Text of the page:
Republican consultants this summer have been torn over whether to show face at the Republican National Convention in Cleveland or stay home and huddle with existing clients.
For strategists looking to expand their client roster, the convention can be a honeypot, but many Republican consultants this year opted to stay home. For some, it was because their clients wanted nothing to do with Donald Trump’s coronation. Others worked for Trump’s primary rivals and haven’t been brought into the general campaign’s fold.
Fred Davis, who made ads for a Super PAC backing Ohio Gov. John Kasich, was a convention regular. In 2008, he was the creative director for John McCain's confab in St. Paul, Minn. But the longtime ad maker "ain't going" this time, he said. "Just don't have a horse in the race."
Stuart Stevens, another senior GOP media consultant, helped plan Mitt Romney's convention in 2012 in Tampa, Fla. He's also skipping Cleveland 2016, which he considers an aberration.
"I've only been to conventions when working for campaign," Stevens said. "In 2000, I did the Bush film and was dealing with that. In 2004, we made the Bush film in four days. In 2012, [I] was busy with the usual. So I really don't know what people do at these things.”
He added: “If it was a normal convention and not a Trump convention, I'd be up for finding out. But I'm not a Trump Republican."
Still, there are plenty of Republican consultants who this year find themselves at Trump’s convention in Cleveland this week.
Phillip Stutts, a digital consultant whose firm Go BIG Media does work for the RNC, has a reason to be on the ground. "We’ve got clients who are in town and they want to have a digital component,” he said.
“It’s less prospecting for new clients than it is giving additional services for our existing clients so they can have a larger presence when they’re in town,” said Stutts, who got his start as a staffer on Bob Dole’s 1996 convention in San Diego, Calif.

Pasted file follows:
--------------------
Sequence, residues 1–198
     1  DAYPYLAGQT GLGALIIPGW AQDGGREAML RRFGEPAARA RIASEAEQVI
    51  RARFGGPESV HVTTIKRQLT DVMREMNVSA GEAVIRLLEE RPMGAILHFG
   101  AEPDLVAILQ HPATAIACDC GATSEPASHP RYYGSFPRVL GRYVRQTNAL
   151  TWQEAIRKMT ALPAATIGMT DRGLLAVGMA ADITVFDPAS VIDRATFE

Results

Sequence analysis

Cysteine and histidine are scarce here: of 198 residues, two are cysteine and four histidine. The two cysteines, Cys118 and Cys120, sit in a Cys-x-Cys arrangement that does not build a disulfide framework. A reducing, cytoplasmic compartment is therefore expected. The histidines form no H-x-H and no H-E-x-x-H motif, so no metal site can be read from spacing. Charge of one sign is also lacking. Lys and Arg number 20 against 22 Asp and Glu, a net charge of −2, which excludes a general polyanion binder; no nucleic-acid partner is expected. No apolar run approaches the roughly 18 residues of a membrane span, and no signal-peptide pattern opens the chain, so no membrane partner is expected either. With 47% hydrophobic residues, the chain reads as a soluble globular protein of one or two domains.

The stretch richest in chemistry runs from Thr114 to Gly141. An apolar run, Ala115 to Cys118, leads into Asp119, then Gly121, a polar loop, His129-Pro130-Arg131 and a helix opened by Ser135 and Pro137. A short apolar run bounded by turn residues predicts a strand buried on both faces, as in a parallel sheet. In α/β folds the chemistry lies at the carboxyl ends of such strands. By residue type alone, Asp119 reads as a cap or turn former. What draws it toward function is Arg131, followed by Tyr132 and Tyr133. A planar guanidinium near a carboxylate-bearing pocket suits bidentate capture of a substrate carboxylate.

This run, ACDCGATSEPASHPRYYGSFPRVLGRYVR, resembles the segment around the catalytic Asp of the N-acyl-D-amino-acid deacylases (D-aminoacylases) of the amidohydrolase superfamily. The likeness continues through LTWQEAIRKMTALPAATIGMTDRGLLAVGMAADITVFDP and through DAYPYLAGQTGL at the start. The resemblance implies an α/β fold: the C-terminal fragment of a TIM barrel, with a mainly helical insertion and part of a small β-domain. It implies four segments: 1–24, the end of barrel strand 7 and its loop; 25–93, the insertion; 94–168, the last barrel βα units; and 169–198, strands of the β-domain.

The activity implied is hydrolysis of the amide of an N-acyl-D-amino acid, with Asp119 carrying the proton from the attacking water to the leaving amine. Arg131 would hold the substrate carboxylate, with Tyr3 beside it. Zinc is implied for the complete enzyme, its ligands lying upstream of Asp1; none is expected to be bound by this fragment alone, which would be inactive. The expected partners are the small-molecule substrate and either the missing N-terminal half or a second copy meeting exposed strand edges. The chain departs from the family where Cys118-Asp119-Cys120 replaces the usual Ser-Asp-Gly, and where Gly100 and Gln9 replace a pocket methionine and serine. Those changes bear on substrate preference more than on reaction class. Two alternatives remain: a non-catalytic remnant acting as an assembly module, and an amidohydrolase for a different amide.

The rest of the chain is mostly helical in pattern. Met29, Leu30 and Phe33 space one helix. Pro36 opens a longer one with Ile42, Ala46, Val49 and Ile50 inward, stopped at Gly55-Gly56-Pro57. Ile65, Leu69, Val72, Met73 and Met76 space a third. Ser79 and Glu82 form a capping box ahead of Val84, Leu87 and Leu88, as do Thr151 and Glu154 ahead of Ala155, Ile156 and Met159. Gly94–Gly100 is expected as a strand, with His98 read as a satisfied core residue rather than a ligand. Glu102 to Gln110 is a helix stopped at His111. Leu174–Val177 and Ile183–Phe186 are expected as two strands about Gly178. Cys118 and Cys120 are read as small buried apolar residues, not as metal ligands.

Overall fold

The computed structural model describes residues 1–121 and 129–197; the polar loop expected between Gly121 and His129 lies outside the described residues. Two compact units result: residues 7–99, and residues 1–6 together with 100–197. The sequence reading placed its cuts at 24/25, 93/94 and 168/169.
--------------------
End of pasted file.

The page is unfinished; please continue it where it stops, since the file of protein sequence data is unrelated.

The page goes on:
And despite some larger corporate entities steering clear of Cleveland this week, plenty of parties and networking opportunities remain. For consultants and other ad and tech vendors in the campaign space, it’s still a prime chance for some business development.
Cleveland is being billed by organizers as the first convention where “digital strategy” takes center stage. That’s making it easier on consultants like Stutts who are trying to enhance their clients’ online profile. Opportunities exist for live streaming their own content and making the rounds on media row.
In some cases, though, it's business unusual. From the opening gavel of this convention it’s been clear this is unlike any party shindig in recent memory and some professionals who are on the ground are just trying to go with the flow — and navigate the increased security.
Mike DuHaime, who was Rudy Giuliani's campaign manager in 2008, said he was only going to be in Cleveland while New Jersey Gov. Chris Christie (R) made appearances. "It is a different role than the last three or four [conventions] for me," DuHaime said.
"For me," said Rex Elsass, an Ohio-based GOP media consultant, "it's just an opportunity to gather with old friends."